While some effort to amend the DMMA to address federal enforcement concerns is likely, for now, medical marijuana’s future in Delaware appears hazy, at best.

Will Delaware’s Medical Marijuana Law Go Up In Smoke?

Delaware legalized marijuana for medicinal uses in May 2010. The law provides that Delaware residents with certain specific medical conditions will be able to legally purchase marijuana at “compassion centers” in the State. While the law is now technically in effect, there are no compassion centers to make a purchase. That’s because the Delaware Department of Health and Social Services has not yet issued the needed regulations. The law requires the DHSS to issue the regulations by July 1, 2012.

Even when the regulations are issued, the future of medical marijuana in Delaware will remain hazy.

Marijuana is currently classified as a “Schedule 1” controlled substance under federal law. That’s the same category as heroin and LSD. According to the federal government, there is “no currently accepted medical use in treatment in the United States” for a Schedule 1 drug.

According to a recent article in the New York Times, federal agencies have moved to block state efforts to expand the use of medical marijuana. For example, in response to an bill passed by the State of Washington Legislature to legalize and regulate marijuana dispensaries and growers, the U.S. Justice Department warned that growing and distributing marijuana was still against federal law, and said that “state employees who conducted activities mandated by the Washington legislative proposals would not be immune from liability.” The warning caused Washington Governor Christine Gregoire to veto the bill.

Similar actions froze Rhode Island plans, to permit state-regulated marijuana dispensaries. Federal prosecutors warned Rhode Island Governor Lincoln Chafee that the dispensaries could be targets of prosecution.

As Delaware moves forward with its plans to permit use of medical marijuana, a similar federal response seems possible, if not likely. Whether such actions will stomp out Delaware efforts remains to be seen.

Waiting to Exhale: Delaware’s Medical-Marijuana Law

Medical-marijuana laws have been blazing a trail across the U.S. since California’s passage of Proposition 215 in 1996.  This year, the Delaware General Assembly began experimenting with marijuana legislation.  With the passage of Senate Bill 17 (“S.B. 17”), on May 11, 2011, which was signed by Governor Markell immediately, Delaware joined the 15 other states and the District of Columbia that have bills legalizing marijuana for medicinal purposes. medical marijuana

S.B. 17 shares many common elements with medicinal marijuana legislation across the country.  But there are some key differences that could have a major impact on Delaware employers.  Essentially, S.B. 17 decriminalizes marijuana under state law in certain limited circumstances. Delawareans with certain specific debilitating medical conditions and who have received certification of a physician, must apply for a state-issued medical marijuana card.  Cardholders are permitted to possess no more than 6 ounces of marijuana and are not permitted to grow their own.

Cardholders will be able to legally purchase marijuana at state-licensed non-profit dispensaries known as “compassion centers.”  There will be only one state licensed dispensary in each county.  The Delaware Department of Health and Social Services, which will administer the registrations for patients, caregivers, and compassion centers, has until July 1, 2012, to develop the regulations needed to implement the new law.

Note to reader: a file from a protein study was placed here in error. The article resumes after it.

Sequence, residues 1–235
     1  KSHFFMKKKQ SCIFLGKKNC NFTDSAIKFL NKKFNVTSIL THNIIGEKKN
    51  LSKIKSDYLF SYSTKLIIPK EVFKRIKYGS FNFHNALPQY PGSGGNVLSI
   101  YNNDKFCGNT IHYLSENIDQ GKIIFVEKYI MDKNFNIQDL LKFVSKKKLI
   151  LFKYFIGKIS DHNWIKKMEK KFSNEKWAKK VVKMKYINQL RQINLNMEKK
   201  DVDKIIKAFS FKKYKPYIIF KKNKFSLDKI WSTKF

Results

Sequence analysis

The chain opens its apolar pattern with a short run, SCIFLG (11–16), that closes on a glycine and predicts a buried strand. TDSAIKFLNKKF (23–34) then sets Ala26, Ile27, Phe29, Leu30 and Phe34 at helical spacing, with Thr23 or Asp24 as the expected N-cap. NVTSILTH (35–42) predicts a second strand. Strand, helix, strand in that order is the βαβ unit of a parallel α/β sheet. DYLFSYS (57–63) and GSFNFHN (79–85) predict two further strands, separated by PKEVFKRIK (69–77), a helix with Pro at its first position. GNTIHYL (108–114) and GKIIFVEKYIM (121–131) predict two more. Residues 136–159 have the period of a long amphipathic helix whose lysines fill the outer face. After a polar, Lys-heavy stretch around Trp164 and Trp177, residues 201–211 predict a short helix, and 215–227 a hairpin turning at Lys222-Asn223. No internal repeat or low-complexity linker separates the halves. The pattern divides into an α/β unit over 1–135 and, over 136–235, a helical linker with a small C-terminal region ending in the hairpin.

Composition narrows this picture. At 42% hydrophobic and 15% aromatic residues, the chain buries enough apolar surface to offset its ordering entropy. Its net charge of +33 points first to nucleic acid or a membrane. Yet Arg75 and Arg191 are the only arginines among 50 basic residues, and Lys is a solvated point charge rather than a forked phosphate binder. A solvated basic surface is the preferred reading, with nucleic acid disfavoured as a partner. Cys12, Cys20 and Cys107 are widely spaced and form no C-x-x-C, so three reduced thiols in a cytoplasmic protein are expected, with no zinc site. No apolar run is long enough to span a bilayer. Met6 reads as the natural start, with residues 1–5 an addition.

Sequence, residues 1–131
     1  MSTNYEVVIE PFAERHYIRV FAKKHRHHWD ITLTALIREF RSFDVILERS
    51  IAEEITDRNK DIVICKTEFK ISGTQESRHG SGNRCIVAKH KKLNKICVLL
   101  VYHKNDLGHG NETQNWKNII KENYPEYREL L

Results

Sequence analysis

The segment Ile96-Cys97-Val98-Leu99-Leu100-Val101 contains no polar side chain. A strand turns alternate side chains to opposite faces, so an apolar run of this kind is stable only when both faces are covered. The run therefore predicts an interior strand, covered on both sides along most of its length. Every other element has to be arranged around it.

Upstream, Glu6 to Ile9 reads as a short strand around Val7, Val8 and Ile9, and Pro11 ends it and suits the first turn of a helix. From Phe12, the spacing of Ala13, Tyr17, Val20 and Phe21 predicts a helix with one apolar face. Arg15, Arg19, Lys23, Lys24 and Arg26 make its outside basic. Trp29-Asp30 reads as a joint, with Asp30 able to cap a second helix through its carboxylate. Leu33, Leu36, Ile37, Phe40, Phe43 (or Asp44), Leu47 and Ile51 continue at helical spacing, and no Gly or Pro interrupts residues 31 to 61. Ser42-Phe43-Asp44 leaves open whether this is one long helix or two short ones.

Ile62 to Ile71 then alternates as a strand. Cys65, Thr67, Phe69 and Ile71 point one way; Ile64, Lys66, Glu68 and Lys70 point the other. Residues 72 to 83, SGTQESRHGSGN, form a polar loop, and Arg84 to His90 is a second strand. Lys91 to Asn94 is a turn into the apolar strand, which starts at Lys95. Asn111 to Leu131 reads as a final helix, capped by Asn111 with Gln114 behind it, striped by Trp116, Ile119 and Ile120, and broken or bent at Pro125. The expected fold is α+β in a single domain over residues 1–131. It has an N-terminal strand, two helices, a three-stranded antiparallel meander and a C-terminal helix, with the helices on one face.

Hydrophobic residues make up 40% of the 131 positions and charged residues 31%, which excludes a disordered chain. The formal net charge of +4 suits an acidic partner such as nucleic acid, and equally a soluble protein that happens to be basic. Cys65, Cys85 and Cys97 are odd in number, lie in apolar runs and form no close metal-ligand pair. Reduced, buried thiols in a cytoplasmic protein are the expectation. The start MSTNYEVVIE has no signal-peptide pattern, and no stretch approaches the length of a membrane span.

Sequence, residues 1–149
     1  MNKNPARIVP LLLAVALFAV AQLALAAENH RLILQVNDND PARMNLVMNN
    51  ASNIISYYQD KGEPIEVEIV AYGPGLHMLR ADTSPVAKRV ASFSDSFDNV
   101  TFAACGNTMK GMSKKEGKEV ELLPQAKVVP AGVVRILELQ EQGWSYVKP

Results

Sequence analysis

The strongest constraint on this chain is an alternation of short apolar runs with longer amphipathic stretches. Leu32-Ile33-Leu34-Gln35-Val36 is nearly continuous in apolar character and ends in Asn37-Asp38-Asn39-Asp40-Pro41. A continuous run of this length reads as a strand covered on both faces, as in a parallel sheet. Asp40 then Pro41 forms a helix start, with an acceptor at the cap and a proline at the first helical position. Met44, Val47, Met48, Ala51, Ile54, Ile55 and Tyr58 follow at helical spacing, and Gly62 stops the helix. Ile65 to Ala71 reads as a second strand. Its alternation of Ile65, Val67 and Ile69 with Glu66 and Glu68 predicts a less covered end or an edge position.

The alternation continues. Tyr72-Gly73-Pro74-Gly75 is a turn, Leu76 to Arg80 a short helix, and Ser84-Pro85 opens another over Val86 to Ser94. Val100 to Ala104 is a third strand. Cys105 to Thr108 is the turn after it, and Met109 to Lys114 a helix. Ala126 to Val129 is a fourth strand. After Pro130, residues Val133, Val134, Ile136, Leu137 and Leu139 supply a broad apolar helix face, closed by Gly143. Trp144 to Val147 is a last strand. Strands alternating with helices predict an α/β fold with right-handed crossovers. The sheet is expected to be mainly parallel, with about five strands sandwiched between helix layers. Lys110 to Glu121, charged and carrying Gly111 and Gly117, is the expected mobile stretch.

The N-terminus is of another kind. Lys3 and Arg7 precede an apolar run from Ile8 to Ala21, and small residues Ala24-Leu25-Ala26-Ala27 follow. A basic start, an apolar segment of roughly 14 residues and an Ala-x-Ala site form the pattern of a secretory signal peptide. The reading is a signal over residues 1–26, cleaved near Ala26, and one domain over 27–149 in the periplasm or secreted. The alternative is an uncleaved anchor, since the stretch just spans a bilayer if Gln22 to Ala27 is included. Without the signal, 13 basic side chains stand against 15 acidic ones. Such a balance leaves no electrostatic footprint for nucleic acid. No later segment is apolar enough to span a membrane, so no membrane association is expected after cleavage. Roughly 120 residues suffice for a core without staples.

Unlike many other states’ medicinal-marijuana laws, S.B. 17 contains provisions that apply directly to employers. Specifically, although the bill prohibits cardholders from using medicinal marijuana at work, it also bars discrimination against them in hiring, termination, or other terms and conditions of employment. The new law also makes it clear that positive drug tests can’t serve as a basis for discipline of a cardholder unless the person “used, possessed, or was impaired by marijuana” at work during normal working hours.

This point is further clarified by a subsequent provision in the law, which states that cardholders “shall not be considered to be under the influence of marijuana solely because of the presence of metabolites or components of marijuana that appear in insufficient concentration to cause impairment” in a drug test.  Regardless of the the passage of S.B. 17, it is important to note that marijuana use remains illegal under the federal Controlled Substances Act.

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Somebody’s Watching You (and it’s not the money you could be saving on car insurance): New Drug-Testing Regs from DOT

Department of Transportation (DOT) regulations require employers to administer drug and alcohol testing to employees or applicants who operate or who will operate commercial motor vehicles. Employers must conduct pre-employment, reasonable suspicion, random, post-accident, return-to-duty, and follow-up testing. Geico Image

The DOT issued a new regulation today requiring that urine samples for return-to-duty and follow-up testing be submitted under “direct observation.” The regulation was announced last August but, after complaints from the AFL-CIO’s Transportation Trade Department, the DOT delayed the implementation of the new rules. (See DOT Delays Implementation of New Drug-and-Alcohol-Testing Procedures). The regulation eventually was challenged but recently upheld by the U.S. Court of Appeals for the District of Columbia.

The regulation, effective August 31, 2009, requires a same-gender observer to “watch the urine go from the employee’s body into the collection container.” To comply, employees must raise their shirts above the waist and lower their clothing so as to expose their genitals and allow the observers to verify the absence of any devices that would permit the employee to cheat the test.

Both return-to-duty and follow-up testing involve employees who are returning to safety-sensitive duties after failing or refusing to take a drug test. A copy of the DOT’s new regulation is here.

Employers should review their DOT drug and alcohol testing programs to ensure compliance with this new requirement.